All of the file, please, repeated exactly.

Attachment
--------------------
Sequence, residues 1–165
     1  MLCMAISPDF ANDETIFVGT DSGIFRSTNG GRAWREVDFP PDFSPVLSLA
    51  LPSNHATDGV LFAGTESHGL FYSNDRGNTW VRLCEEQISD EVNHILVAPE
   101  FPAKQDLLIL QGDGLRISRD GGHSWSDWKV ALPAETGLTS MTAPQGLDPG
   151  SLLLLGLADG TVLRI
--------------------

Sequence, residues 1–165
     1  MLCMAISPDF ANDETIFVGT DSGIFRSTNG GRAWREVDFP PDFSPVLSLA
    51  LPSNHATDGV LFAGTESHGL FYSNDRGNTW VRLCEEQISD EVNHILVAPE
   101  FPAKQDLLIL QGDGLRISRD GGHSWSDWKV ALPAETGLTS MTAPQGLDPG
   151  SLLLLGLADG TVLRI